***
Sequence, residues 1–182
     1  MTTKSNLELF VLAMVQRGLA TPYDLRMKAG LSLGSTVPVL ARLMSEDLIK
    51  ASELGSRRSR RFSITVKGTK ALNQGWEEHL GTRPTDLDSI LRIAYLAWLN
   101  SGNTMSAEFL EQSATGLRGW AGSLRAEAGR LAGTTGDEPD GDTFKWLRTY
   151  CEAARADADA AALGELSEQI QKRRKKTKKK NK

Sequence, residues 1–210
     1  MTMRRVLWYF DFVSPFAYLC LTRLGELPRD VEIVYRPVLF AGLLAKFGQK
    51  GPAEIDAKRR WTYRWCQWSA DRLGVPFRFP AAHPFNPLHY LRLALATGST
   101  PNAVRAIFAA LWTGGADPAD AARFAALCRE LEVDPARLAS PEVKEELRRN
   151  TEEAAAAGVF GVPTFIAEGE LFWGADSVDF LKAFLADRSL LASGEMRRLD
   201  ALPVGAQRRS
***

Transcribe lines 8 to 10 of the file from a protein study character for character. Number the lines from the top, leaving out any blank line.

    51  GPAEIDAKRR WTYRWCQWSA DRLGVPFRFP AAHPFNPLHY LRLALATGST
   101  PNAVRAIFAA LWTGGADPAD AARFAALCRE LEVDPARLAS PEVKEELRRN
   151  TEEAAAAGVF GVPTFIAEGE LFWGADSVDF LKAFLADRSL LASGEMRRLD